Lovely cypress vine has a dark side: It can take over a yard. Dan Gill explains how to tame it | Home/Garden

Gardening columnist Dan Gill answers readers’ questions each week. To submit a question, email Gill at [email protected]

I have a vine with fern leaves and bright red flowers taking over my garden. I planted one a few years ago and it grows everywhere. How can I get rid of it? Jean Robinson

This is cypress vine (Ipomoea quamoclit), a relative of morning glory. It is a warm-season annual vine that is often planted in gardens because it produces deep, scarlet flowers and lacy, fern-like leaves. However, due to her ability to produce many seeds, she can become a nuisance.

There is no easy solution. First, it dies back over the winter each year and comes back from seed in spring and early summer. Keeping your beds well mulched will prevent the seeds from germinating and will help control the vine.

Since the vine sprout from seed in the spring and summer, be sure to regularly weed any seedlings you find. Any vines that are now growing and flowering in your garden should be uprooted and discarded.

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If you weed regularly, thoroughly, and over a season or two, you should greatly reduce or even eliminate this plant in your yard. I have this vine in my garden and have generally been able to enjoy it without letting it take over by weeding it anywhere I don’t want it to grow.

My Vinca bed was beautiful and still looks pretty good. Is there anything I can do now to make it come back next year? Someone told me that Vinca can be more like a perennial at times. Thanks for every Vinca tip. Tomi Moony

Periwinkles (Catharanthus roseus, also known as Vinca) are one of the tender annuals that we grow.

Because they are perennials, they do not die off after flowering like true annuals and can live for several years. But we grow them as if they were annuals and expect them to only grow once.

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This is because they are killed by severe frosts in winter and rarely survive winters here. However, if the winter is unusually mild and they are growing in a sheltered spot, it is possible that they will survive the winter and survive to grow and flower for another year.

To help them survive winter frosts, you might be willing to go out and cover them on nights when frosts are predicted. Cover and cover them as needed during the winter. If you do this you might be able to get them to survive the winter if it isn’t too cold.

During this time, however, the periwinkles will look terrible.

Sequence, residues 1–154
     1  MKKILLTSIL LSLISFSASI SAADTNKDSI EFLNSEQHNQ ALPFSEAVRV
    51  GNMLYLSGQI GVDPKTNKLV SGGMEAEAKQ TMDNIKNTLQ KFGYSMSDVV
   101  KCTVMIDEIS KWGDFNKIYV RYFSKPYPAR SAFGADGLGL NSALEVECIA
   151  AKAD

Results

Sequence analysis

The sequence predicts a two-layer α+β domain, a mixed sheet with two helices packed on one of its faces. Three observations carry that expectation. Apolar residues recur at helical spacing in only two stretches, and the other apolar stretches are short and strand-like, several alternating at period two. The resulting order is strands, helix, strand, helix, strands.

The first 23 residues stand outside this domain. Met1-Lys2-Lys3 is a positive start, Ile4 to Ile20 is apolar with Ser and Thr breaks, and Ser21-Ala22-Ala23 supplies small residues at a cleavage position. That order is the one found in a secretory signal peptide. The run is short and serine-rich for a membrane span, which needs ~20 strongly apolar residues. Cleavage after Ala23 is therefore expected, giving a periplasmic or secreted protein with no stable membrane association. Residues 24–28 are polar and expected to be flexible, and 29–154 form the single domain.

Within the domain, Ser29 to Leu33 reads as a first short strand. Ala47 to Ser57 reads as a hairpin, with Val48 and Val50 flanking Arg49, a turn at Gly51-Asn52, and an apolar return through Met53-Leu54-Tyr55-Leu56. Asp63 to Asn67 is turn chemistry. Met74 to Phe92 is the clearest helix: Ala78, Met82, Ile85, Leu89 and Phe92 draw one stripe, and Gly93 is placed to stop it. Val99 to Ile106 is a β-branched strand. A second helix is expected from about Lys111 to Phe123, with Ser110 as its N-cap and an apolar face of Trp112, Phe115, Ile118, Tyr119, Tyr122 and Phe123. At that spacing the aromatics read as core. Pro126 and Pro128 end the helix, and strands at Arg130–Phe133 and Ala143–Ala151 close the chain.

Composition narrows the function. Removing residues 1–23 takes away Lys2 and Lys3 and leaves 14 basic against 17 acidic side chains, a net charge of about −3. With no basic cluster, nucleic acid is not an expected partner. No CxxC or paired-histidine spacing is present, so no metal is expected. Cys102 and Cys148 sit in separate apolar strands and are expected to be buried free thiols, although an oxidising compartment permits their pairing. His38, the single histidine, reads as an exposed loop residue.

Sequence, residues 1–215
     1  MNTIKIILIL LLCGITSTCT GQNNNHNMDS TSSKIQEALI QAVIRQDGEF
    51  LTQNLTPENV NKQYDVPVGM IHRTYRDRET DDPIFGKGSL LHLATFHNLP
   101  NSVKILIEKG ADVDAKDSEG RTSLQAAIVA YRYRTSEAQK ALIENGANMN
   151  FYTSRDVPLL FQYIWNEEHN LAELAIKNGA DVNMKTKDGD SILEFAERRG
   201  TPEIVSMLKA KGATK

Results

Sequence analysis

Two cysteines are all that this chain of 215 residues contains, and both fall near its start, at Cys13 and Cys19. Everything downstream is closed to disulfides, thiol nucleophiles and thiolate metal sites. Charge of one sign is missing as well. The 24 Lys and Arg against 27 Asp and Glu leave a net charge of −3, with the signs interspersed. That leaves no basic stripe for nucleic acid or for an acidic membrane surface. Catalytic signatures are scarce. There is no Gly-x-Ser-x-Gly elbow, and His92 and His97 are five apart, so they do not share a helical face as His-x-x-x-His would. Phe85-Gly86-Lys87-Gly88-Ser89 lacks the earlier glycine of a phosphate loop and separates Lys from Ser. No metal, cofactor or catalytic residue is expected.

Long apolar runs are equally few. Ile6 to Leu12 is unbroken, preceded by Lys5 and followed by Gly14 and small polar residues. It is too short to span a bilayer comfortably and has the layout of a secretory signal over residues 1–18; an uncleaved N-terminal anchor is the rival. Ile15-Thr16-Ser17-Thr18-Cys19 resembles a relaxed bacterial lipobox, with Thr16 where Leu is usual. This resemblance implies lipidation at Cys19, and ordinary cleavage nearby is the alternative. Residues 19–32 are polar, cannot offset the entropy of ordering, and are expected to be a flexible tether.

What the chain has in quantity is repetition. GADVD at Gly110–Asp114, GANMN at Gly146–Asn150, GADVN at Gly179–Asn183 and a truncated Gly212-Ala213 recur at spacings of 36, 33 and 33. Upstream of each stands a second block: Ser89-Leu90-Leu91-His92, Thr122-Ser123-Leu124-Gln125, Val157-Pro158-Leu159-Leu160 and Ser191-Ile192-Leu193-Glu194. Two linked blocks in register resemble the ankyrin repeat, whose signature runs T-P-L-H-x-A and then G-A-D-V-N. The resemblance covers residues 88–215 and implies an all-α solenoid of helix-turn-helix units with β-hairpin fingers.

Color in our flower beds is just as important in fall, winter and early spring as it is in summer. We like to keep our flower beds attractive and colorful all year round.

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Therefore, most of us grow periwinkles as temporary bedding plants, pulling them up in November and planting cool-season bedding plants that provide color from fall through spring.

Can you give me the basics of planting tulip bulbs? Many Thanks. Alice Peterson

Spring onions are now arriving at the region’s nurseries. You’re welcome to buy them as long as the selection is good, but we don’t plant most spring bulbs until the weather cools off in late October or November.

Tulip bulbs are planted later, in late December or early January, after the bulbs have been chilled in the crisper drawer of your refrigerator for at least six weeks.

Plant holes about 5 inches deep in beds that receive partial sun to sun (afternoon shade may help flowers last a little longer). Because of our climate, we expect only one of the bulbs to flower. They are torn out and disposed of after flowering.

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camellias are coming. The buds are now swollen, but the flowers do not appear until November.

Tips for the garden

Coming camellias: Camellia flower buds begin to swell but generally do not bloom until November or December. Water in October when the weather is dry to avoid later flowering problems.

CALADIUM CLOSE UP: When the plants start to look tired and less attractive, and about two-thirds of the leaves have fallen over, it’s time to dig up the tubers. Caladia can return the next year if left in the ground, but it’s more reliable to dig them up and store them indoors over the winter. Carefully dig up the tubers and let the foliage hang from them. Spread out in a well-ventilated place to dry. When the foliage is dry and brown, pull it off the bulbs and store in paper or mesh sacks indoors over the winter.

SHOP BULBS: Order spring onions by mail in good time so that they arrive in November. The best selection of flower bulbs can be found in mail order on the Internet. A good selection of flower bulbs are now also available from local nurseries. You can buy them while the selection is still good, but there’s no rush to plant them. November is the month when we plant the most spring onions here.

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